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Honeysuckle Coat Hooks

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Invasive honeysuckle is cut from the hedgerow between fields.

Invasive honeysuckle is cut from the hedgerow between fields.

I can’t help it;  since last Friday, I have required every person who walks through the door to stop and admire our new honeysuckle coat hooks.  I love them!  Made from invasive bush honeysuckle, they are the epitome of a win-win project:

we cut down the invasive plants, and we made something both useful and beautiful from them.

Branches are cut close to the trunk, making natural hooks.

Branches are cut close to the trunk, making natural hooks.

 

 

 

 

Each piece of honeysuckle is peeled, ends are rounded, and rough places are sanded.

Each piece of honeysuckle is peeled, ends are rounded, and rough places are sanded.

 

 

 

 

 

 

 

Hurrah for Robin Chesnut-Tangerman who shared the idea, showed examples that he had made at home, and guided students through to the completion of the project.

 

Congratulations to the students who persevered through cutting, carving, sanding, oiling, drilling, and mounting.

The board and hooks are oiled before the coat hanger is assembled.

The board and hooks are oiled before the coat hanger is assembled.

 

 

 

!

Each hook has screw holes drilled before attaching.

Each hook has screw holes drilled before attaching.

 

 

 

 

Logging and Honeysuckle

IMG_7466What do a lost logging village in the Green Mountains, a French-Canadian “cirque”, Christmas trees and invasive honeysuckle have in common?  Answer:  they were all part of the curriculum at YouthWork & Learn last week.

IMG_7405Monday, our guest instructor was Brad Bender, president of the Danby-Mt. Tabor Historical Society. After hearing the history of Silas Griffith, local business and logging millionaire of the 19th century, we headed out to the remains of two of his logging villages.  Various adventures later (through snow and high water), we explored the remnants of barns, railways, and one of the first fish hatcheries in the U.S.  We’ll go back in the spring for more hands-on history, including a closer look at hill made of saw dust.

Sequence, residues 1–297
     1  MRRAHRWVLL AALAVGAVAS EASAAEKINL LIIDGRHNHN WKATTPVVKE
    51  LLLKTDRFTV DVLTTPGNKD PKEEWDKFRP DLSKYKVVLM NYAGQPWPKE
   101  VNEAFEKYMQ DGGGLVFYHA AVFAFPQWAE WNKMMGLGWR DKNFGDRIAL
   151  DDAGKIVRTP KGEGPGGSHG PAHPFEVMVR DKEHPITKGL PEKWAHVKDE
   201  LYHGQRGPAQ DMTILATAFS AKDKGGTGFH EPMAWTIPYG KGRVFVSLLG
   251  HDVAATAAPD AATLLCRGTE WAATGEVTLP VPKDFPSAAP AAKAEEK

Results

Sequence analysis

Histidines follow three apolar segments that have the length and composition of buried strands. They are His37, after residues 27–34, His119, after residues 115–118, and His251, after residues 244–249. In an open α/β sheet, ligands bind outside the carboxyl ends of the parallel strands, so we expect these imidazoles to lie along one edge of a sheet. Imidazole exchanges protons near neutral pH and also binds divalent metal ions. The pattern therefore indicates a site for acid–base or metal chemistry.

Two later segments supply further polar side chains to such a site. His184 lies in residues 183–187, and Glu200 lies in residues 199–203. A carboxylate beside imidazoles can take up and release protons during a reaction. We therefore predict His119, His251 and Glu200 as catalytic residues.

Tuesday, we drove north to Burlington.  As part of our interest in the history and economics of logging, we enjoyed an inspiring performance of the Cirque Alfonse “Timber” at the Flynn Center, a rustic-themed performance that included log tossing, hatchet juggling, and saw jumping.IMG_7458

Wednesday and Friday we continued with our project of turning invasive bush honeysuckle branches into coat hooks.  We also cut Christmas trees, including the Smokey House Center tree donated to the annual gift-giving to the children of Danby, courtesy of a legacy of Silas Griffith (see above).  Friday we also met with SHC director Jesse Pyles, who talked to us about the history and mission of Smokey House and as well as the management of its natural and economic resources.  A full week indeed!IMG_7449